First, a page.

COLUMBUS: Urban Meyer has an affinity for special teams, an appreciation for what a strong kicking and return game can mean, and a special place in his heart for those who dive wholeheartedly into being on one of those squads.
“We probably practice special teams more than anybody else in the country,” senior running back Jordan Hall said. “Coach Meyer puts good players on special teams, so special teams is an important part of our team.”
And for those players who don’t embrace that approach …
“Coach Meyer makes sure they know when they first come in, in recruiting, and that’s always good to see the young guys figure it out early,” senior receiver Chris Fields said, “because sometimes being a young guy it’s kind of hard to figure out the system and to adapt to what Coach Meyer asks.”
In Meyer’s first season at OSU last year, Fields figured it out.
“Just being consistent doing the little things, and being on special teams, has really eased my focus,” Fields said.
Part of that focus must include special-teams participation, for newcomers and so-called star players alike.
“Our plan to win includes a strong kicking game,” Meyer said. “I have had guys on my staff … who were very opinionated and wanted to protect their guys [from playing on special teams]. But as long as everybody [understands], and I am perfectly clear about it, ‘This is the way it is,’ there has been very little [push-back], and our staff is very aligned with that.”
Last year, Fields and running back Rod Smith played their way onto special-teams units, which in turn earned them playing time on offense.
“You don’t need your uncle calling, you don’t need anybody calling,” Meyer said. “You just need to go get on a special team, then all of a sudden you find yourself playing.”
The reverse apparently is true, too. Sophomore Bri’onte Dunn (GlenOak) was thought to be the second- or third-team running back last week going into the opener against Buffalo. But he wasn’t one of the four backs who played, because he didn’t jump at trying to make a special team.
“That has to happen,” Meyer said, if Dunn intends to play.
So during special-teams practice this week, coordinator Kerry Coombs expects a queue of candidates.
“The head coach is very clear … if you don’t perform in those areas, you’re not going to play,” said Coombs, also cornerbacks coach. “So the competition to get on special-teams units is high. Adding more healthy bodies to that mix is helpful to our team.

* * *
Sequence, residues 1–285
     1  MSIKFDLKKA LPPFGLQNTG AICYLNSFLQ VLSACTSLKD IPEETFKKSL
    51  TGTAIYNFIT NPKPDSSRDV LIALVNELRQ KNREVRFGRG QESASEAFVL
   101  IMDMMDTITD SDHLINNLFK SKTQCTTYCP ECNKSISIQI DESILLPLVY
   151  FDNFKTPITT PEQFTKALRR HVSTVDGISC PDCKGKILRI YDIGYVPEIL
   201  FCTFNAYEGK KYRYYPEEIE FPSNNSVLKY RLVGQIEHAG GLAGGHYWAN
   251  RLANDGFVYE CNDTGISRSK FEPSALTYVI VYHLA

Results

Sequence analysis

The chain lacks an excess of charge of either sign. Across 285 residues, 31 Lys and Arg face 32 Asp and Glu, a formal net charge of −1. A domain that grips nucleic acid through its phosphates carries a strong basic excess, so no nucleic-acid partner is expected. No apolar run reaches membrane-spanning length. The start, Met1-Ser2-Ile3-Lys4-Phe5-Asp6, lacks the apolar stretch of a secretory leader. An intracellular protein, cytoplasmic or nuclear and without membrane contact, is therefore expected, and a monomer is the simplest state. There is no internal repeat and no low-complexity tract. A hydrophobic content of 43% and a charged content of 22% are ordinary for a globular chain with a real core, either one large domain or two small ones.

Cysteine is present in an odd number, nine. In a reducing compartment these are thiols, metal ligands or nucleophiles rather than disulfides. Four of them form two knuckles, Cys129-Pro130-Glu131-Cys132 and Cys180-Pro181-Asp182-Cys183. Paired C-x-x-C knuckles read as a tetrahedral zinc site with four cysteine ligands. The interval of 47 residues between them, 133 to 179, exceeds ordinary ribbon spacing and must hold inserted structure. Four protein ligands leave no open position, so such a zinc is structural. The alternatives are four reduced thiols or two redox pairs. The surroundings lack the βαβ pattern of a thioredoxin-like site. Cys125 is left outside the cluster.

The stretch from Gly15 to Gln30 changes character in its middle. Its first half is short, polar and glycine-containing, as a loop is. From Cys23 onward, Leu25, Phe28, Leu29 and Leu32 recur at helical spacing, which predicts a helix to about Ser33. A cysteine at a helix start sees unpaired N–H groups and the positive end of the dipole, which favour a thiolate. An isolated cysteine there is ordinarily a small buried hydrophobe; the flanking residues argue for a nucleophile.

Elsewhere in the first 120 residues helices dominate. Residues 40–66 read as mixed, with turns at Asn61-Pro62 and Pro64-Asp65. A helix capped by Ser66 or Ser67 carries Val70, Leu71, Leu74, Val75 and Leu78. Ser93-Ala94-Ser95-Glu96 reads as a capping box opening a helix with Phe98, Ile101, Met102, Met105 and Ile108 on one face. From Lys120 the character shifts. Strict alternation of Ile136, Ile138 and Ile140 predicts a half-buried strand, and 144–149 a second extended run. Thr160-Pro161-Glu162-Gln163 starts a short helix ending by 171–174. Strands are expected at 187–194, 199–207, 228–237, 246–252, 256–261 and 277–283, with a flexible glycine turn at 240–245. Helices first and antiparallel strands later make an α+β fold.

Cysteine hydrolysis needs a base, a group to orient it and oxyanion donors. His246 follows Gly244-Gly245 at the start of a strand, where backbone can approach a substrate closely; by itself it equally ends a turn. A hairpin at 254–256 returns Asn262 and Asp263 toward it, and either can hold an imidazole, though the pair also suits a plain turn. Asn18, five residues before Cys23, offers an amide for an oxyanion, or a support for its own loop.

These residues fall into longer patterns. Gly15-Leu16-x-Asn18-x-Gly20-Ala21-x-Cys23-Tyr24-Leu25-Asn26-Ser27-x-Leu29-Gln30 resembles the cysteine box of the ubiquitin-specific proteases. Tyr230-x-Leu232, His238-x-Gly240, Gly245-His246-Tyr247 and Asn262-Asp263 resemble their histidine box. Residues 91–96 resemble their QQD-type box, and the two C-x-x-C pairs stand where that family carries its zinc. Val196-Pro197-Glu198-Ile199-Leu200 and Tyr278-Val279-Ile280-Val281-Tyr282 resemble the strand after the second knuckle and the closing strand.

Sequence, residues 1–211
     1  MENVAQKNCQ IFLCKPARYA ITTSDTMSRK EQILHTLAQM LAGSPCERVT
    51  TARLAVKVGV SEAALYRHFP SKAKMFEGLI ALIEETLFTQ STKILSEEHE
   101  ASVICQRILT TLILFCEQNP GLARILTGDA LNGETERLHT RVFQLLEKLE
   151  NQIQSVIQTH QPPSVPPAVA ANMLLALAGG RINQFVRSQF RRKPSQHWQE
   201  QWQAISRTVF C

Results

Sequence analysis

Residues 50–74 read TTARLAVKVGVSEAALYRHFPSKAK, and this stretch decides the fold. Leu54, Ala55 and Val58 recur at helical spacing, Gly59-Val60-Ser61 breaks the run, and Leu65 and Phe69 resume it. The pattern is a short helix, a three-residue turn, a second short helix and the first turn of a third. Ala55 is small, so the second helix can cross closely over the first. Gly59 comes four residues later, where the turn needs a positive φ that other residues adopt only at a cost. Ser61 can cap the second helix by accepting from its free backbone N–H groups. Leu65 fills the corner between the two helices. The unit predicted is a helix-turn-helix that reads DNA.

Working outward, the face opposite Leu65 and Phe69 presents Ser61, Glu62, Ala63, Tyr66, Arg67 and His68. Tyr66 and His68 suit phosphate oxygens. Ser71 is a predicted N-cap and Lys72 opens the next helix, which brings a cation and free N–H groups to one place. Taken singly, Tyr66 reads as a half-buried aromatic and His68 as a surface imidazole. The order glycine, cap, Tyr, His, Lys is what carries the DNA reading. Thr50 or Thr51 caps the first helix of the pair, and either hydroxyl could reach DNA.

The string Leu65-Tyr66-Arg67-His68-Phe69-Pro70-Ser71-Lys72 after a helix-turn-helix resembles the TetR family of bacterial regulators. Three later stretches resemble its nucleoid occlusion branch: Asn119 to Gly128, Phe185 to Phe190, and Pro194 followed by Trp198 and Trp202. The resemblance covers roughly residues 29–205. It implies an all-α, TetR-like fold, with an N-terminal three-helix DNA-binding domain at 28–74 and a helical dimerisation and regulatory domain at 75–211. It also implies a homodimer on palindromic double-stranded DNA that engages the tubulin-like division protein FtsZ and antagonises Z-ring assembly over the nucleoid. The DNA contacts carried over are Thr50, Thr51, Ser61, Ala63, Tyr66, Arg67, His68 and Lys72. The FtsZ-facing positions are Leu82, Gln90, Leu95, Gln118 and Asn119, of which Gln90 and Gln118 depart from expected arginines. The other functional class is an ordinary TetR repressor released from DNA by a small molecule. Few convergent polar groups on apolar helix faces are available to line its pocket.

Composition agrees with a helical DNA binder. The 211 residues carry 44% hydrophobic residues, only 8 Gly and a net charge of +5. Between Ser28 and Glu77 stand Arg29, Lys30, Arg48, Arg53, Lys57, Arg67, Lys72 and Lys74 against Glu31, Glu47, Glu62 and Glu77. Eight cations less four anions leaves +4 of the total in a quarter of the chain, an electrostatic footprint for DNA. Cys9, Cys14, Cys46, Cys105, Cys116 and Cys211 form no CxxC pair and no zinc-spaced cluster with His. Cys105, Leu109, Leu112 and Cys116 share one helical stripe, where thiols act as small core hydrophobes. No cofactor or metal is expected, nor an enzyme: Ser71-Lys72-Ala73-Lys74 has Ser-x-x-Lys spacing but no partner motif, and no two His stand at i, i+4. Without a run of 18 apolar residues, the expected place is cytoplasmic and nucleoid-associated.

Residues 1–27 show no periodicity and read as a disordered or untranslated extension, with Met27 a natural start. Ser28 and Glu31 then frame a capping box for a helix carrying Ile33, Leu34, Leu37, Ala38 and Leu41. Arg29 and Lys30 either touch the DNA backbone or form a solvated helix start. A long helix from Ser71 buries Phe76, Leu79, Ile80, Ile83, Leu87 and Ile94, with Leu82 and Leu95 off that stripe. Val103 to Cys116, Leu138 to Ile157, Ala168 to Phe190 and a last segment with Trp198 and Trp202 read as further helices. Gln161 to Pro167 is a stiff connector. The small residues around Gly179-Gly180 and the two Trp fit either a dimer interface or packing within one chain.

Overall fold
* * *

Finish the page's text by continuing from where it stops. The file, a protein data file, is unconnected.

“We need kids who can run down the field and take a load off some of the starters, and Saturday, unfortunately, we had a couple guys who had to catch a touchdown pass and then go cover a kickoff. We try to avoid that if we can. At the same time, [special teams] will be our priority, and if you can’t cover the kickoff, then you can’t catch the touchdown pass.”
Earning their way back
Bradley Roby, returning from his one-game suspension, was listed as a co-starter with Armani Reeves on the depth chart released Tuesday. Meyer said Roby, an all-Big Ten player in 2012, would have to beat out Reeves in practice to earn the start.
C.J. Barnett, who missed the opener because of a sprained ankle, is listed as a co-starter with Corey Brown.
Running back Rod Smith, who like Roby is returning from a one-game suspension, is not listed on the depth chart. Jordan Hall is the starter, with Dunn and Warren Ball sharing second-team status. Ball got two carries against Buffalo. Dunn didn’t take a snap.
Ex-MVP Jacoby dies
George Jacoby was watching the Ohio State victory on Saturday when he succumbed to pancreatic cancer at age 81 in Cincinnati.
For the two-time OSU captain and 1953 team Most Valuable Player, it was fitting timing.
“On Saturday, he left us in the middle of the Buckeye game to go watch it with Woody,” Jacoby’s son Jeff said Tuesday.
When Woody Hayes was starting his long Ohio State tenure, Jacoby helped set the foundation. The Toledo native was a first-team all-Big Ten tackle in 1952 and ’53 and served as captain both years.
He spent the last 52 years of his life in Cincinnati with his wife of 62 years, Nina.
“He was absolutely the ultimate Buckeye,” Jeff Jacoby said. “He was absolutely as loyal and true a Buckeye as there ever was.
“We’re going to have him cremated in scarlet and gray. He’ll have on a scarlet Ohio State golf shirt and a pair of gray slacks with the Buckeye logo on them. That’s about as good as it gets.”
Jacoby was drafted in the sixth round by the New York Giants in 1954. But NFL salaries were meager then, and he and Nina had Jeff to support. When the Giants wanted him to stay on their taxi (practice) squad, he decided to end his playing career.
The Jacobys lived in Toledo until 1961 before moving to Cincinnati. Jacoby was an accountant and controller for several companies.